• The initial Bill featured a broad definition of the 'compatibility duty', which mandated that public authorities adhere to the CRCmin the execution of their duties. However, the amended Bill, now enacted as law, has narrowed the scope of this duty in two significant ways:
    • Not all articles of the CRC and its two Optional Protocols were integrated, as some aspects fall under the purview of the UK Government, such as matters pertaining to nationality.
    • The compatibility duty applies exclusively when public authorities operate under the statutes of the Scottish Parliament.
  • Despite these limitations, the Act offers crucial safeguards for children's rights in a legally robust and comprehensible manner for stakeholders. It empowers Scotland to legislate for children's rights and broader human rights, providing a sturdy legal framework for future developments in this area.

In other States, the preference generally is for a law-by-law review and revision, with each piece of legislation amended separately or in small, related clusters.

E.g.: India ratified the CRC in 1992. However, international treaties such as the CRC do not possess inherent legal authority in India; instead, they require distinct national legislation to be implemented. The direct incorporation of the CRC into national law has not yet been achieved and a fragmented approach has been taken to include elements of the CRC within national legislation.

For instance, the Juvenile Justice (Care and Protection of Children) Act of 2015, the Protection of Children from Sexual Offences Act of 2012, and the Commissions for Protection of Child Rights Act of 2005 refer to the CRC in their introductory sections.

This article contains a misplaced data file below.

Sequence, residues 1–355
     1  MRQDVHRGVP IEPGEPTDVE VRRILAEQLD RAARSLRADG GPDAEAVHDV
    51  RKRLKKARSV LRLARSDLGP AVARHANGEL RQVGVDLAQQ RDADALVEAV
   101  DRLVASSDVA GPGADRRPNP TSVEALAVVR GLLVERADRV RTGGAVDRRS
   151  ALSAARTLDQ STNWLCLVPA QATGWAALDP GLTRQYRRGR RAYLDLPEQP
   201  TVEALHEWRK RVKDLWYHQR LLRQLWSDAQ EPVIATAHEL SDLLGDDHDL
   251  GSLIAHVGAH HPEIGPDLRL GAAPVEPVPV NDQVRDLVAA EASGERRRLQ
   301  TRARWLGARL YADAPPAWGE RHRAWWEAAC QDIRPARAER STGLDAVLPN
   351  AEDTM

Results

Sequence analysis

Additionally, the principles and standards outlined in the CRC can be identified in subordinate regulations connected to the Juvenile Justice (Care and Protection of Children) Act and various other legal statutes. In addition to these legislative reforms, Indian courts have played an important role in filling gaps in existing legislation offering a higher degree of children’s rights protection

Source: (Ganguli and Kumar 2014).

Sometimes a State starts with sectoral reform (method 3), which then later is followed by a more comprehensive piece of legislation (method 2).

E.g.: Before Georgia adopted its Code on the Rights of the Child in 2019 (see also examples), it had already developed a Juvenile Justice Code in 2015, which was aligned with the CRC.

In some States, legal incorporation is done through a Constitutional amendment (method 1). This may be driven by the wish to recognise children’s rights through the highest legal standard (i.e. the Constitution) or because the legal system has a common law tradition, in which the role of courts within the constitutional framework is key for legal reform and incorporation of the CRC. States may also opt for this first method because the relationship between the domestic law and international law must be established in the Constitution.